3. Elevator Maintenance Contract Modifiers:
The contract can be modified to include or exclude certain features that may be important, or required by code, for your building. The agreement can be modified to include safety testing, remote monitoring, record-keeping, elevator controller diagnostic tooling, and other items unique to your building. Each of these items will impact the monthly price you pay.
4. Elevator Equipment Type:
Each elevator type costs a different amount to maintain. For example, a traction elevator will periodically need the hoist ropes replaced – which is an expensive repair. The cost for that repair is amortized over the term of the contract. A hydraulic elevator doesn’t have hoist ropes and would cost less monthly to maintain. The type of elevator will impact the price of maintenance.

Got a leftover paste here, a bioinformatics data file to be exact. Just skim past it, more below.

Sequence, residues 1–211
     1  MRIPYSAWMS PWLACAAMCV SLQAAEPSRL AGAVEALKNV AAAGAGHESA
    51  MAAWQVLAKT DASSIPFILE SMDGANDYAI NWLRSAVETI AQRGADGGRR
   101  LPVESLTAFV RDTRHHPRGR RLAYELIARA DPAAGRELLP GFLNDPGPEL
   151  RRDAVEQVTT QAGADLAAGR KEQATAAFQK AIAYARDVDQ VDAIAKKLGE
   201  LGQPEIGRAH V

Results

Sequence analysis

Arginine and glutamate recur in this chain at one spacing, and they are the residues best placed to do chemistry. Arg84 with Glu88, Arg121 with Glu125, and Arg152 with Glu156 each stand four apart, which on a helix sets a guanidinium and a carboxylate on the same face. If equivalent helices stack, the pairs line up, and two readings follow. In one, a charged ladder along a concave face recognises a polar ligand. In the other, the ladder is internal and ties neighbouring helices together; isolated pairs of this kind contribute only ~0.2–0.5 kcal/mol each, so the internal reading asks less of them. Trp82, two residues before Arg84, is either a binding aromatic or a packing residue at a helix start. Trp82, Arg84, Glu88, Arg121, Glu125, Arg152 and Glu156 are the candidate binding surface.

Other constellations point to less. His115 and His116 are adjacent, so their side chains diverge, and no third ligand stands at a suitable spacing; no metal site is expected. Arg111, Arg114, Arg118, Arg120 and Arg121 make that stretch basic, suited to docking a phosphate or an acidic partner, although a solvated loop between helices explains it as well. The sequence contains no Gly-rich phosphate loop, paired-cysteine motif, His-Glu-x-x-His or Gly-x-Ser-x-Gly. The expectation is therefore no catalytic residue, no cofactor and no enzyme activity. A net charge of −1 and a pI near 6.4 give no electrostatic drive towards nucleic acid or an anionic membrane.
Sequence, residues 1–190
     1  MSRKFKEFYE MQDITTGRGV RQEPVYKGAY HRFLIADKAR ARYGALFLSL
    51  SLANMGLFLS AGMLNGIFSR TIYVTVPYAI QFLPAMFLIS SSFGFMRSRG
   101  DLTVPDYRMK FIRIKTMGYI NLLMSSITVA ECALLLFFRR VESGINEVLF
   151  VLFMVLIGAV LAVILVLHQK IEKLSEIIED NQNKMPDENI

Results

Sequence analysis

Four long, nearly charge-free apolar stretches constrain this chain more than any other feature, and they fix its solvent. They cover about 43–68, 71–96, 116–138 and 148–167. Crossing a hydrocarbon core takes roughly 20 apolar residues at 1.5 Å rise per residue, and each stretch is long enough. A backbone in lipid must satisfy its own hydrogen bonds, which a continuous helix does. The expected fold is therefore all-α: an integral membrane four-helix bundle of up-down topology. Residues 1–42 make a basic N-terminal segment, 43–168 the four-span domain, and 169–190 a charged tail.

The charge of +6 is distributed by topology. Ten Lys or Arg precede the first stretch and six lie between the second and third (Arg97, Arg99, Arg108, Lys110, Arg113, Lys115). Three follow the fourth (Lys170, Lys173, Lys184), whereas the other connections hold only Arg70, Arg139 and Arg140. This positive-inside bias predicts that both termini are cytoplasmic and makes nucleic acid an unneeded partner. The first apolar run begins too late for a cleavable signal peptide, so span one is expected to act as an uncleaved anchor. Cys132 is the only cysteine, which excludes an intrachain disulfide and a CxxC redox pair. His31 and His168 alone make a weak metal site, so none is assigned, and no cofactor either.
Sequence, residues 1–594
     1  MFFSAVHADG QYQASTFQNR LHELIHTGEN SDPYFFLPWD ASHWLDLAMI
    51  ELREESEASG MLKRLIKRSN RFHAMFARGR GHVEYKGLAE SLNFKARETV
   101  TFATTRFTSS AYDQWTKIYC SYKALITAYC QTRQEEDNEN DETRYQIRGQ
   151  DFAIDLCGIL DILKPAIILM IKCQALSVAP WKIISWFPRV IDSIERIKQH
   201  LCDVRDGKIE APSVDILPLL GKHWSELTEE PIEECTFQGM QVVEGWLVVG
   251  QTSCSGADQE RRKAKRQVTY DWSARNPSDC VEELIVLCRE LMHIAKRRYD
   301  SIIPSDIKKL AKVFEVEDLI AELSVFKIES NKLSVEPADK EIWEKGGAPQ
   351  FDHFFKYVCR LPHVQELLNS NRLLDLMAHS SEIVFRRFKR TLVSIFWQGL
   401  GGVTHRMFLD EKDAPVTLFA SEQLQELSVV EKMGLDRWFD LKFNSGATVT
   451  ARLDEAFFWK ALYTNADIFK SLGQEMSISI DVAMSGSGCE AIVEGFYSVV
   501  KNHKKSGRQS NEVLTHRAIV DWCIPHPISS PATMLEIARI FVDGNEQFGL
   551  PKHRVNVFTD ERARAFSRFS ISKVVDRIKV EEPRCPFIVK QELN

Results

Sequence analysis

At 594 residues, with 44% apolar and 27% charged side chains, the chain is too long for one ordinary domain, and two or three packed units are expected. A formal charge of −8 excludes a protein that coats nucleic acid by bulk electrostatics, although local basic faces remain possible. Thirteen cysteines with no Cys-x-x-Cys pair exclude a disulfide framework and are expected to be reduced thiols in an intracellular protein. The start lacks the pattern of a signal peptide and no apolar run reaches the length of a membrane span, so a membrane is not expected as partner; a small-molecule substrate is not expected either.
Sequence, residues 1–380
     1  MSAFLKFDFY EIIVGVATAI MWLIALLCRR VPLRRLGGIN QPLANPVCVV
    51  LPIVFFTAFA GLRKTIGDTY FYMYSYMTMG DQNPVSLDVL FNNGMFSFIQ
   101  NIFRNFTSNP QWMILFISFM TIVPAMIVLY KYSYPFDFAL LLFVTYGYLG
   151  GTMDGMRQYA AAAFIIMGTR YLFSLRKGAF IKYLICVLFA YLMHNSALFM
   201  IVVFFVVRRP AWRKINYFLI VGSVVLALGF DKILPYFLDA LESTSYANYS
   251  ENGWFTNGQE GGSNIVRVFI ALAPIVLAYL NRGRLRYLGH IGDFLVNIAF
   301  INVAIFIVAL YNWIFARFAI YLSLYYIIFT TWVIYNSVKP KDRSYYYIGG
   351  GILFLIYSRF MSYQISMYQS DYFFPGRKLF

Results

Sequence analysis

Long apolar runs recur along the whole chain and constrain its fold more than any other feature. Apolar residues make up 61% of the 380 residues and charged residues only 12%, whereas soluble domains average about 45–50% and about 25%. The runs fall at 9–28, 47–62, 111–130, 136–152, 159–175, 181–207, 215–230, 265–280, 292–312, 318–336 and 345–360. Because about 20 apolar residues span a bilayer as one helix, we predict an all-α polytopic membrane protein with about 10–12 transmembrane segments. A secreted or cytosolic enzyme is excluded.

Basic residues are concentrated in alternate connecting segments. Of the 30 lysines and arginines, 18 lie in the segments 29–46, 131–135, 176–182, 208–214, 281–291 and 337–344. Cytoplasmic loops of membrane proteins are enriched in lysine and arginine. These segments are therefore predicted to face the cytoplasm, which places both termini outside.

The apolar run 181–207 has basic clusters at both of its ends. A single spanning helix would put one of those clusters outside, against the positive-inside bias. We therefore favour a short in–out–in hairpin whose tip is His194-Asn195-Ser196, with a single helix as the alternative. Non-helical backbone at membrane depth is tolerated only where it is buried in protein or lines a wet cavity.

5. Building Height:
The height of your building will affect the cost. Each additional floor will require door equipment that needs more maintenance and more material to repair. Taller buildings will have more wiring, longer hoist cables, and more equipment to replace, which will increase the cost.
6. Building Type:
The traffic and usage for each elevator will determine the cost. For example, an elevator used seven days a week to load freight in and out of a grocery store will fail frequently and require a high level of maintenance. On the other hand, an elevator inside a church is only used a couple of times per week and requires minimal maintenance. The amount of traffic and usage will impact the total price.
The level of competition in an area will impact the price. If one company is aggressively trying to grow, the amount they offer will drive down the price of other companies. Also, each location has different elevator mechanic rates. The average rate for one city can be twice as high as a mechanic rate in another city.
Who Decides the Cost of Elevator Maintenance?
Every elevator company will survey your building and complete a risk assessment. Typically an employee of the company will help assess: